(Back by Popular Demand)
Here are six simple guidelines to follow when writing creative nonfiction:
1. Get your facts straight. If readers, publishers, and the media find out you’ve taken liberty with the truth of what happened, you and your work will be ridiculed and scrutinized. You’ll lose credibility.
2. Issue a disclaimer. Most nonfiction is written from memory, and we all know that human memory is deeply flawed. If you aren’t sure about the details but are determined to include them, be upfront and plan on issuing a disclaimer that clarifies the creative liberties you’ve taken.
3. Consider the repercussions. Some people are extremely private and don’t want any details of their lives published. Others might request that you leave certain things out, which they feel are personal. Otherwise, make sure you’ve weighed the repercussions of revealing other people’s lives to the world. Relationships have been both strengthened and destroyed as a result of authors publishing the details of other people’s lives.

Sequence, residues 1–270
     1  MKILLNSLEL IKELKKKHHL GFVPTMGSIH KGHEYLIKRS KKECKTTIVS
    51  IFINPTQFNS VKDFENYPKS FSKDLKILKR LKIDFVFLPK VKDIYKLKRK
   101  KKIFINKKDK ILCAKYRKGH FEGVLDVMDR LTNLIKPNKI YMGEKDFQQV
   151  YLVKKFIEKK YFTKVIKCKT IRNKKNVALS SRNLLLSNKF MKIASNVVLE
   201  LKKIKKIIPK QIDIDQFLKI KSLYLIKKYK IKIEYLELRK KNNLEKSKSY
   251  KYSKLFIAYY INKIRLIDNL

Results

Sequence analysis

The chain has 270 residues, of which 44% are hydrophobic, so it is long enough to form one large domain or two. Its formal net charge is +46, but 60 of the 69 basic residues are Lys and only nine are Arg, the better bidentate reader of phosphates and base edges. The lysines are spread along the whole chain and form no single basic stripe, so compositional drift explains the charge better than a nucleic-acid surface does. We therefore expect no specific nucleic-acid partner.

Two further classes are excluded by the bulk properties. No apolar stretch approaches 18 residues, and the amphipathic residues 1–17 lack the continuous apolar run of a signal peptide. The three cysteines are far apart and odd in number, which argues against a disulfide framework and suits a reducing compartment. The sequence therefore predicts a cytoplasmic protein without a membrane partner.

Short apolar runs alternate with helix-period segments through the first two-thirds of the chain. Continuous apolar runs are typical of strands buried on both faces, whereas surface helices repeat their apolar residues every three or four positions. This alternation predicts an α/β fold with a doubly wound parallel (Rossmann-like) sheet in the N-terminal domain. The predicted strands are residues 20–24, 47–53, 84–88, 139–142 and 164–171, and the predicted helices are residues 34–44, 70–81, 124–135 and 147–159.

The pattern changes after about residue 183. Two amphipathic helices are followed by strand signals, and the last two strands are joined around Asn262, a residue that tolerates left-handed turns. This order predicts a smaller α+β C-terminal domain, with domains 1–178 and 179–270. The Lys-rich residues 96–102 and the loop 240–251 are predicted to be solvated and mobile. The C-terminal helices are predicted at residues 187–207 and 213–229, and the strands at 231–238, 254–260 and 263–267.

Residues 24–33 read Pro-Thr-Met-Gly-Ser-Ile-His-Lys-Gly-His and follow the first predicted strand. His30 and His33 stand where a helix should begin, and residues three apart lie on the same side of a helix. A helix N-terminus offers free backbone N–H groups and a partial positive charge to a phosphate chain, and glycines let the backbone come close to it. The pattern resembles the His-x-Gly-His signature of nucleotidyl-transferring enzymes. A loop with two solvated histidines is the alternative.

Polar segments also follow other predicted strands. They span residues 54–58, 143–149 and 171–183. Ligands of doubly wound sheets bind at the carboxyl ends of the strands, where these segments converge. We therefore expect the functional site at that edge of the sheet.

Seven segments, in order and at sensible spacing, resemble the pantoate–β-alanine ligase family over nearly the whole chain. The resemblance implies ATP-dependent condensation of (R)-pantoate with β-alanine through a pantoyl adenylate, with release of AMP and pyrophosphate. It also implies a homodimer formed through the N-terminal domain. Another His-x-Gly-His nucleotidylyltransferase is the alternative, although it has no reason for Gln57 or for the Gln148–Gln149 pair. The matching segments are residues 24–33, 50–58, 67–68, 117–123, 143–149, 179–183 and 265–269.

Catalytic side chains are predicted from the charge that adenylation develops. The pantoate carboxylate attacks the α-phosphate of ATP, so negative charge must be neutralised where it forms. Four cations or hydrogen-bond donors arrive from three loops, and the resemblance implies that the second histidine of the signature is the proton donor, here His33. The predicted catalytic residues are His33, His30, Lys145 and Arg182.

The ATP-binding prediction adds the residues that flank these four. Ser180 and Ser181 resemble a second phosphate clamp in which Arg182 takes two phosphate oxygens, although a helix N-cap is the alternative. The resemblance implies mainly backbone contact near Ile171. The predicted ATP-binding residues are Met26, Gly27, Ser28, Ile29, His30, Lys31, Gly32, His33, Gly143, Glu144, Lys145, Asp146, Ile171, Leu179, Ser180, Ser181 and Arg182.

4. Be objective. Nobody wants to read a highly biased biography. Book reviews for biographies are packed with heavy criticism for authors who didn’t fact-check or provide references and for those who leave out important information or pick and choose which details to include to make the subject look good or bad.
5. Pay attention to language. You’re not writing a textbook, so make full use of language, literary devices, and storytelling techniques.
6. Know your audience. Creative nonfiction sells, but you must have an interested audience. When writing creative nonfiction, a clearly defined audience is essential.